May 15, 2017

The Audit Process – A Best Practices Approach

By Justin Nepo, Partner, Assurance Services

The Audit Process – A Best Practices Approach

It happens every year; the client and auditor have this fairy-tale dream that this will be the year that the perfect audit is going to occur. The auditor dreams that the client is going to provide the best set of analyses and reconciliations ever prepared, which will be received before fieldwork begins; there will be no audit adjustments or questions; and the audit will be issued weeks ahead of schedule and under budget. The client dreams that the books and records are in perfect order; everything is reconciled and agreed to the general ledger; no adjustments will be needed; no questions will be asked by the auditor; and the audit report will be issued weeks ahead of schedule.

Unfortunately, in many instances, the fairly-tale never becomes reality. The client is generally not completely ready; there are usually new issues to address; the auditor requests more and more information; accounts are truly not reconciled; there is insufficient communication on both sides; and no one invokes any deadlines until it is too late. Once the audit is completed, both the client and auditor may feel frustrated due to (1) the level of effort necessary to complete the audit, (2) the stress of just meeting the deadline, and (3) addressing the excess costs. All the while, both are thinking that there has to be a better way. Sound familiar?

There is a better way and the audit process doesn’t need to be as stressful as you may think. The main reason for a poor audit experience is the result of a lack of planning, accountability and communication. All of these activities start early in the audit process and should actually start on the heels of the prior audit.

Soon after the audit is completed, the auditor and client should plan to meet to discuss the results of the prior audit, the issues encountered, and how the process can be improved the following year. This meeting shouldn’t be a blame-game but a cooperative effort to improve the process. You should leave the meeting with a conceptual plan of the process going forward, which includes timing of the work to be performed, who will be accountable for the various schedules and analyses (also the auditor should be inquiring about other documentation that may make the audit more effective), and the timing of the interim and year-end work.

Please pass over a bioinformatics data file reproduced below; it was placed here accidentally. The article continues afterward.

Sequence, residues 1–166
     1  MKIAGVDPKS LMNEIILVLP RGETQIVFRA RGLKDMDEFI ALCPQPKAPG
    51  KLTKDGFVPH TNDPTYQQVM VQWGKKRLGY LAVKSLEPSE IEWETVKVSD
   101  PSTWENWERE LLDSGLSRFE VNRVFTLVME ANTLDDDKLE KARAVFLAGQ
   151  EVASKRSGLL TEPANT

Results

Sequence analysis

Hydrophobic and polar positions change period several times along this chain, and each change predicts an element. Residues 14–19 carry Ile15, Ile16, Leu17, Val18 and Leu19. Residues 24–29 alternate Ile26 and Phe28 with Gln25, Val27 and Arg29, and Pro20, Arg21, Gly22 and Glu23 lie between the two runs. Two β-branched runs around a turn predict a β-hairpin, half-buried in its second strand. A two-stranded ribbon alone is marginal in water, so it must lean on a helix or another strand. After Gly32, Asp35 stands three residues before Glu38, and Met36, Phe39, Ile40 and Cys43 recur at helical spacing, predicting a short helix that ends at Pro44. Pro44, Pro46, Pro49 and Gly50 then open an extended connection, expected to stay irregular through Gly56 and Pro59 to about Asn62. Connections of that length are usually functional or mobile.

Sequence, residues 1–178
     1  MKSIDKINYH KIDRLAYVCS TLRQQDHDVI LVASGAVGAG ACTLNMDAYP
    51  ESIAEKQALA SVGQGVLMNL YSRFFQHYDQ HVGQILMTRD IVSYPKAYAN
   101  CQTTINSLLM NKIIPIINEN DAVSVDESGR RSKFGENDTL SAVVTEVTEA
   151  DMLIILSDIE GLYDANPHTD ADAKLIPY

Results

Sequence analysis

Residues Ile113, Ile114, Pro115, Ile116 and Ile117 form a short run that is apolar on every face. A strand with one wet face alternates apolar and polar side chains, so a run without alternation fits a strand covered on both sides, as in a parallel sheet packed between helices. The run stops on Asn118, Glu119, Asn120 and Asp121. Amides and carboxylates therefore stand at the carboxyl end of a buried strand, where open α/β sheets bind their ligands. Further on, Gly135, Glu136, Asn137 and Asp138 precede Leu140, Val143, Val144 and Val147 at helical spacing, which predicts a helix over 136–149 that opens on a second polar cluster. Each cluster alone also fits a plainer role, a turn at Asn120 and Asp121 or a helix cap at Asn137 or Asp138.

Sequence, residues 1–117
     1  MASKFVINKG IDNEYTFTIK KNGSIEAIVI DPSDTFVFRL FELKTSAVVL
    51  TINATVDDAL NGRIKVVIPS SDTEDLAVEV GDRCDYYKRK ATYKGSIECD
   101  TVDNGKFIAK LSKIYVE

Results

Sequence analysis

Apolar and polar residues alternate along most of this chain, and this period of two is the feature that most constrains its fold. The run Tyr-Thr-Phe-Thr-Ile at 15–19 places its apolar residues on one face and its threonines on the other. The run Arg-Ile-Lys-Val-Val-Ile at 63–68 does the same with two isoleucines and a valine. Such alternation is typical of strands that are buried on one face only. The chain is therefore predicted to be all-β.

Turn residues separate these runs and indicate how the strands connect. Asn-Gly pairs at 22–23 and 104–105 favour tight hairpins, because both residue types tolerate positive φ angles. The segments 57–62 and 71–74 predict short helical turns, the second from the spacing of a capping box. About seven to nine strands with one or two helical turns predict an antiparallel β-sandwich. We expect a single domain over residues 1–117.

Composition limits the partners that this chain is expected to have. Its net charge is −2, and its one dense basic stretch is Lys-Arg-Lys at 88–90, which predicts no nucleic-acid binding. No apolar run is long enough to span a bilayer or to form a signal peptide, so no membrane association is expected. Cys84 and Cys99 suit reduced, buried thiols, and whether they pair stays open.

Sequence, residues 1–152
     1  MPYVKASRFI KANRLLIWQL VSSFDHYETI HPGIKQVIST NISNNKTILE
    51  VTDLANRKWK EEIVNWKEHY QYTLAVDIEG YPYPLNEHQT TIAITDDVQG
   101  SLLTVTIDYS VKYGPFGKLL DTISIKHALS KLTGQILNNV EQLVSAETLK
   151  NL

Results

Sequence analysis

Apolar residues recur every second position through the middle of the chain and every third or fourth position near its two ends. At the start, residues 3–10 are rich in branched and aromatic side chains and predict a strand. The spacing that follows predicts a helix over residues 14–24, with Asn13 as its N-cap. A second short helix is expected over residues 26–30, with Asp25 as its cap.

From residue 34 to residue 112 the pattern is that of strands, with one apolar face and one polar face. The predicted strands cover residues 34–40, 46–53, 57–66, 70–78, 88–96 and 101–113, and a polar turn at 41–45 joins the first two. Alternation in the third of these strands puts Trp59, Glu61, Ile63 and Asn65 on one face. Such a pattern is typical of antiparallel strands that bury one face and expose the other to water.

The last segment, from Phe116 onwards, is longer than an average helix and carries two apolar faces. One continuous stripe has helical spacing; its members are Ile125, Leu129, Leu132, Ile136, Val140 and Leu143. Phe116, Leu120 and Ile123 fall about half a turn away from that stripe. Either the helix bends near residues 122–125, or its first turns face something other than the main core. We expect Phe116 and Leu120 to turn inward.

A couple of months later, the auditor and client should meet again to follow-up on how the year is shaping up and any new issues or concerns and to solidify the responsibility and timing of the entire audit process including interim testing procedures. Since not every client has a fully staffed finance department, there should also be a candid discussion on what schedules the client can truly prepare and what schedules/reconciliations will need to be prepared by the auditor. The auditor should provide feedback to the client as to what they are expecting in terms of a completed schedule or analysis, and, if possible, provide examples. It is important for the client to be realistic in what they can and cannot provide. Typically, if the client waits until fieldwork to reveal that schedules will not be provided or will only be partially complete, it will generally be more costly and cause delays in completing the audit as opposed to addressing these issues much earlier in the process, ideally before interim work begins.